So, you think you have a picky eater? Does your child only want to eat just one food?
A mom recently shared her child’s picky eating habits with me. Her child will only eat a certain fast-food brand of fried chicken nuggets, only in the original box. When the restaurant changed packages, the mom raced out to buy all the old boxes she could find, in an effort to help her child continue to at least eat something.
A lot of young children are finicky about food. Many parents need to intervene on behalf of their child’s diet in order to ensure they are getting the right amount and variety of nutrients for healthy development. A child who only eats one type of food might seem OK initially, but poor nutrient intake will eventually take a toll.
Up to one in four kids have an eating problem in early childhood. Some children will eat only certain types of food. Others will eat little or nothing at all. Many children go through phases where they will only eat certain foods – this is what we mean when we say picky eating. Problem eating is a different story, in which children eat 20 foods or less. Presenting problem eaters with new foods may lead to vomiting, gagging or temper tantrums.
While most kids soon outgrow that peanut butter-only phase, up to 1%-2% of children ultimately need professional assistance to improve their diets. Physical problems, such as food allergies, developmental delays or metabolic disorders, underlie some of these cases. Children sometimes refuse to eat to attract attention from their parents and exert control. Parents may observe that their picky eater eats much better at daycare or school. This is likely because no one is hovering over them.
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Parents must be good role models for their kids and model good nutrition habits. They can do this by exposing children to new healthy foods again and again. With most children, just having healthy and nutritious foods on the table near them may help reverse any negative associations they have with the foods in question. Even well-meaning parents can promote bad behavior, for example, by letting kids end a meal by throwing a fit. Additionally, if junk food is easily accessible or clearly visible in the home, it may be just too tempting for children not to crave it.
A parent’s duty is to offer healthy age-appropriate food in a pleasant atmosphere where the child does not feel forced to eat. The American Academy of Pediatrics offers the following tips for parents of picky eaters:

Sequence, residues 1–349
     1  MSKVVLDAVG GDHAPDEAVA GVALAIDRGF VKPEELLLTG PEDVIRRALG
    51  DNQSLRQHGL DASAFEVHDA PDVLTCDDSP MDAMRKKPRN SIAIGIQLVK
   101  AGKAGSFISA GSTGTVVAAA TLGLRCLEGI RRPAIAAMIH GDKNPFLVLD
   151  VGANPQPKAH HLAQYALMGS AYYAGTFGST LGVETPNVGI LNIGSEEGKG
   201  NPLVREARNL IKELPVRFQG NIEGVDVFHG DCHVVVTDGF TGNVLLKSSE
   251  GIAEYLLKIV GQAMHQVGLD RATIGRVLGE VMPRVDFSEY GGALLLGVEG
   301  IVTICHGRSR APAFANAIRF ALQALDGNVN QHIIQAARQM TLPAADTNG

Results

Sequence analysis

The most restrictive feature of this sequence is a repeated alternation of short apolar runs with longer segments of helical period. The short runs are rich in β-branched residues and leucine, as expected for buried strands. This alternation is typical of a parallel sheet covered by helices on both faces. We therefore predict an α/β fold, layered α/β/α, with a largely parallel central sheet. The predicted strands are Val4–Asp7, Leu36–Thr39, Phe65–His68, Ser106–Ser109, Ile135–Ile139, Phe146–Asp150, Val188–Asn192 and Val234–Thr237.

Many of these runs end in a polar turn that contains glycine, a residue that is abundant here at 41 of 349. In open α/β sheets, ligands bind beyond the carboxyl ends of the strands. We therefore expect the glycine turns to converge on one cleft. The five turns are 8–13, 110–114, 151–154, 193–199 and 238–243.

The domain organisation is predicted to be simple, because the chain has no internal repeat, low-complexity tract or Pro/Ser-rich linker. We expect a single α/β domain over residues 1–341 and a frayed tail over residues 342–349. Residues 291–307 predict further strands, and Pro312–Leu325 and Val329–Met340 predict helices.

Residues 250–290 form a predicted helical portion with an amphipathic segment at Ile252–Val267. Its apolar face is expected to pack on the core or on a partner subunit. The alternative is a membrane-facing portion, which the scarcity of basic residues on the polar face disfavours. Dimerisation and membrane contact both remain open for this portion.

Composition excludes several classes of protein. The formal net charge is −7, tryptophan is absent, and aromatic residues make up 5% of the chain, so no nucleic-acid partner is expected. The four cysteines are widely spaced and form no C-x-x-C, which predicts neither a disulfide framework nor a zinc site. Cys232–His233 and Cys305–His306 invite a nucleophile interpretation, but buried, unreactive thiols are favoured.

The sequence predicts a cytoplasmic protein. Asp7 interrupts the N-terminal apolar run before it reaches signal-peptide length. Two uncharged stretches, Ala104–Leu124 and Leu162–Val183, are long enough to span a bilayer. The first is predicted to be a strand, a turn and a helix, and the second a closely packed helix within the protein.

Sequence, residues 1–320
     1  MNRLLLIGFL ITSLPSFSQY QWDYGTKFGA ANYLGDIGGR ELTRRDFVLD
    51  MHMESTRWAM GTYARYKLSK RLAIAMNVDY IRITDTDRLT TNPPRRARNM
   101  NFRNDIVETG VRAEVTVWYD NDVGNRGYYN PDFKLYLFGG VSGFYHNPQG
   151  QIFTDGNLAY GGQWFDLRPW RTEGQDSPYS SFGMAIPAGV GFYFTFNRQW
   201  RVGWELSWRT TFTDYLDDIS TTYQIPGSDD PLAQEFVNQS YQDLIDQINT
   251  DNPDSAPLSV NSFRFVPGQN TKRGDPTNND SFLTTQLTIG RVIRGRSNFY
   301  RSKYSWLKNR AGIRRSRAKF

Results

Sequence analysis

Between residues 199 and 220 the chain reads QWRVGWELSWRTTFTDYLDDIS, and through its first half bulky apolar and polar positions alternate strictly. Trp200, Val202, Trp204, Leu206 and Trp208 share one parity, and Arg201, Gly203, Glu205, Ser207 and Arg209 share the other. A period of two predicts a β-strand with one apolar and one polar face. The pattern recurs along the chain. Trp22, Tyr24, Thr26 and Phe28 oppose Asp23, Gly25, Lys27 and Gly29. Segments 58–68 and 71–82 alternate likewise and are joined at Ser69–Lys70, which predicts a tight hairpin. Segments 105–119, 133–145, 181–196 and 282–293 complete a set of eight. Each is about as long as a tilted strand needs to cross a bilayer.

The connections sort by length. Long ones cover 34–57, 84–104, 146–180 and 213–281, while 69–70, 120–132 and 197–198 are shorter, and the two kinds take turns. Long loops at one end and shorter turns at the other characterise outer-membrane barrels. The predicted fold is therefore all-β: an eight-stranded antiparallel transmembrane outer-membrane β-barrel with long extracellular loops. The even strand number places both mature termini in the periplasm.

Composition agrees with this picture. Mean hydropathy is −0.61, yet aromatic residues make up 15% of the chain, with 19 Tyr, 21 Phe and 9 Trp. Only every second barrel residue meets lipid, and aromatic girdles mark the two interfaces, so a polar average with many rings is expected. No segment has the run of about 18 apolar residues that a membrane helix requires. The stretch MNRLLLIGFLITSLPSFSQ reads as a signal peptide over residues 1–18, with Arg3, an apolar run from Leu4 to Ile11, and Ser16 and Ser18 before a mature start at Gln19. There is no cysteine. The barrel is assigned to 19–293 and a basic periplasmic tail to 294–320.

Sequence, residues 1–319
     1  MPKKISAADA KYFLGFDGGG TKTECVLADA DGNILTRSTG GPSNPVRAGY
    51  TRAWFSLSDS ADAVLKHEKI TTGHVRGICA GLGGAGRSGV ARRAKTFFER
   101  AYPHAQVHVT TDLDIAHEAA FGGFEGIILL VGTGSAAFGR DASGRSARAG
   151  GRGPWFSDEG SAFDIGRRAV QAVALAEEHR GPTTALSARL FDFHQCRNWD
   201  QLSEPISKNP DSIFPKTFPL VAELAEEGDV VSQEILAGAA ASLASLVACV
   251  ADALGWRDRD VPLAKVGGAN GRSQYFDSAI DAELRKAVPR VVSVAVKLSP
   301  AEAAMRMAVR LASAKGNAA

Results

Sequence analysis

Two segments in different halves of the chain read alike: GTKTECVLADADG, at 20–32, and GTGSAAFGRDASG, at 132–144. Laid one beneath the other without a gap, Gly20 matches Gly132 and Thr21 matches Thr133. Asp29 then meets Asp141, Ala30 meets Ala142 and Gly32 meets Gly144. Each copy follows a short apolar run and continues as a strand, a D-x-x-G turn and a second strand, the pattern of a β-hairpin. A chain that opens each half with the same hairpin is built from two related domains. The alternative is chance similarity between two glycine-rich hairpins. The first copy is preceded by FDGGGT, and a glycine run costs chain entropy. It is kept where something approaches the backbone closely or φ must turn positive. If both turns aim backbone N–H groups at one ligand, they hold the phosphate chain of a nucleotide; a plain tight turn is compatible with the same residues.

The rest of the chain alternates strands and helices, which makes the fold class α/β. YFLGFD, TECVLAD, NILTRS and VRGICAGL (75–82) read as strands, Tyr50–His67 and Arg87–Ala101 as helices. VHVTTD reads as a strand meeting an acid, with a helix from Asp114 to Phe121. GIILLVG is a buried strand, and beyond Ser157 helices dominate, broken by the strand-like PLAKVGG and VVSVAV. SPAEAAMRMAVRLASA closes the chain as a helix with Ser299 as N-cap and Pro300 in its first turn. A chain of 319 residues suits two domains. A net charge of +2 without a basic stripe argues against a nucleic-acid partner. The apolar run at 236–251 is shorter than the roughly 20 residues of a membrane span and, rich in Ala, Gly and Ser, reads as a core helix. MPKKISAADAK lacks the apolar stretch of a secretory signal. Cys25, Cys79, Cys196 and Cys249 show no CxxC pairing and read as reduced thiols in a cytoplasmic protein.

- Remain calm. In most cases, your child’s behavior is typical.
- Parents should discontinue bottle feeding soon after the child's first birthday.
- Don’t force a child to clean his or her plate. If your child misses a meal, they will make it up later.
- Minimize juices and any sweet drinks, fast or processed foods and dessert foods. Dessert should follow a healthy meal, not replace one.
- Be on the lookout for potential food allergies that could be impacted the way children eat.
- Involve your child in the process of meal preparation. Children may be more apt to eat foods they helped to prepare.
- Ignore tantrums. Many kids will give them up in a few days.
- Make changes so gradual that your child doesn’t notice. If you know your child will balk after four bites, for example, stop after four bites. In a few days, try five or six.
- Praise good behavior, such as trying new foods.
- Be consistent. Make sure other caregivers follow your lead.
- Remember, children’s appetites fluctuate day-to-day.
- Encourage drinking plain water.
- Do not withhold food as a form of punishment.
- Seek help for weight loss or very slow growth in young children.
There is some evidence that play has become a forgotten educator, and that making mealtime more fun by introducing creativity and games could help your child become less picky. Parents are encouraged to try anything from conducting a taste test of different foods with their children or decorating the table in a new and unique way to reduce mealtime stress or anxiety.
Food consumption and dental hygiene go hand-in-hand. It is very important that children learn to brush their teeth early, and they should have their first appointment with a pediatric dentist soon after the first year of life. Reach out to your child’s pediatrician if your child’s nutrition is becoming concerning, mealtime disruptions have worsened for months, progress has stalled—or if you’re overwhelmed.
Editor's note: This article was originally published on May 7th, 2014.